Linoleum and Linocut
As a graphic technique linocut was born in the beginning of 20th century.Linoleum was invented as a printmaking material. It turns out to be not only the most popular. Affordable but also the most convenient and easy to use material. Linoleum is very easy to cut with a well-sharpened tool. It makes it easy to cut any width, depth and shape. Its surface is not too hard. Somehow rough. It does not allow one to make very slight or heavy scratches. Yet it is hard enough to engrave simple common furrows without damaging linoleum surface.
Linoleum is an excellent material to create large prints. Choosing linoleum as a printmaking material you can engrave much easier and faster rather choosing wooden board.
It is best to use a 5 mm thick linoleum for engraving, with a smooth surface not worns in order to prevent it from damaging while cutting it. It gets a bit harder because otherwise all prints might become blur. Linoleum tinner than 3-2,5 mm is not very suitable for engraving. Very flexible, curving materials containing fabric are not appropriate at all.
Usually linoleum has that particular surface relief
which is always slightly uneven and rough and needs to be very well polished. This process can perform itself by natural or artificial pumice. Partially the natural pumice must cut in half, so the two halves could be rubbed to each other until the surface become smooth and even. If you are not able to find any pumice you can use just as well a simple very fine sandpaper. After that linoleum surface must grind very gently, with no pressure until you get nice really fine and smooth surface. After grinding it you must wash it with turpentine in order to stabilize it and as a final step to stick linoleum to hard cardboard or plywood.
Basically once your surface gets ready you need to transfer your drawing onto it. Besides how we can do that? It is absolutely the same way as doing it onto wooden surface. Indeed you need to make a copy of your original drawing, or repeat it with very soft pencil. Stick the image to the linoleum surface and rub it against the board with turpentine or just rub it very persistently but gently in order not to damage the board.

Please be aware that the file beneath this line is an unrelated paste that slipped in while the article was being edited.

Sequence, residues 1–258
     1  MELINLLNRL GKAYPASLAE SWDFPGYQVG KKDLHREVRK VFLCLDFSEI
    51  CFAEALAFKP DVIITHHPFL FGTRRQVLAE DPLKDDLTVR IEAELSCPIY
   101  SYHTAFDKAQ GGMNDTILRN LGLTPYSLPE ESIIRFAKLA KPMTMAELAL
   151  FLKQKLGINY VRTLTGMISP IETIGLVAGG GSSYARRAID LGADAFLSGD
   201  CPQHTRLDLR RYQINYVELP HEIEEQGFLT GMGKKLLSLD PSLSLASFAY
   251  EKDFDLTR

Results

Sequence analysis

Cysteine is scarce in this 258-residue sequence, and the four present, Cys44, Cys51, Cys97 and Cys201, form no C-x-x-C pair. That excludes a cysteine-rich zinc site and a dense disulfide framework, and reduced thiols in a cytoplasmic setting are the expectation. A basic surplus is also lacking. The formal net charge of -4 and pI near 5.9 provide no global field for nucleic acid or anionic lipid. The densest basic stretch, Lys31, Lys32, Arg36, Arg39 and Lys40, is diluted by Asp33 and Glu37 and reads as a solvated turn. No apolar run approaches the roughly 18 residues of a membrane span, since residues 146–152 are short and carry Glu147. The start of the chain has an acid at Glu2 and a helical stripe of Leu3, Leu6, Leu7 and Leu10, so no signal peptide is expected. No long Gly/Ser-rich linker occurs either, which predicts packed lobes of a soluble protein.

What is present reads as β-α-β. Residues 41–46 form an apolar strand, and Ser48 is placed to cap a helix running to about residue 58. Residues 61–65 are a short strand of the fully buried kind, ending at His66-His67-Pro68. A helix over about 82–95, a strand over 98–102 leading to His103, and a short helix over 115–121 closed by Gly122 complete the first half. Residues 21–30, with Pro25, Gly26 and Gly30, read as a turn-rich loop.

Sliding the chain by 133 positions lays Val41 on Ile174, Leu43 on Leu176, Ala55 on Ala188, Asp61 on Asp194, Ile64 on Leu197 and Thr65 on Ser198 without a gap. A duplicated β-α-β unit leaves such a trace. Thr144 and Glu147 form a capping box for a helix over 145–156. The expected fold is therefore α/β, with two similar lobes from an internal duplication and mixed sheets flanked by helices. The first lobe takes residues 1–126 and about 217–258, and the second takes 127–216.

Certainly engraving tools are V-shaped or semicircular chisels which one can also use in woodcarving.If necessary, use a very sharp knife as well as any other suitable cutting tools. The knife is mainly used for precise cutting of small parts, fonts, and etc.
There are also significant differences
between linnography and xylography. Xylography emphasizes stronger intensity of tonal colors, it is more colorful rather than black and white printmaking technique. Linocut uses mainly harsh black and white lines, strokes and spots even when we need to draw our composition with many variable tones which mingle slowly from white to black. Linocut images get very simple – no shadowing and undertint – harsh black and white areas. At the same time engraver always have to think about the drawing space and perspective – what comes in front, what stays in the background. The back color needs to look different at every drawing front and back stage no matter of the fact it is all one and the same black color.
It is necessary to make the whole engraving at once, at one breath, highlighting the bright areas with white. As you gradually reach the dark depths of linoleum using black and white connections, clarify the shape and build it gradually. When engraving the details, you need to imagine the entire image, the entire composition at any time of the process. In linocut, one should not forget the rule: “always be careful about black. It is very wrong especially when one is apprentice to cut every shape in the printmaking board with white even lines. That confuses all ‘çolour’ connections and destroys the artwork from the very beginning. White lines as black ones should always be in good balance depending of what the purpose of artwork is.
If you have any questions, please do not hesitate to contact me!
©All images are copyright of Alexandra Duhlinska. They may not be downloaded, modified, altered or sold without the express written permission of the artist.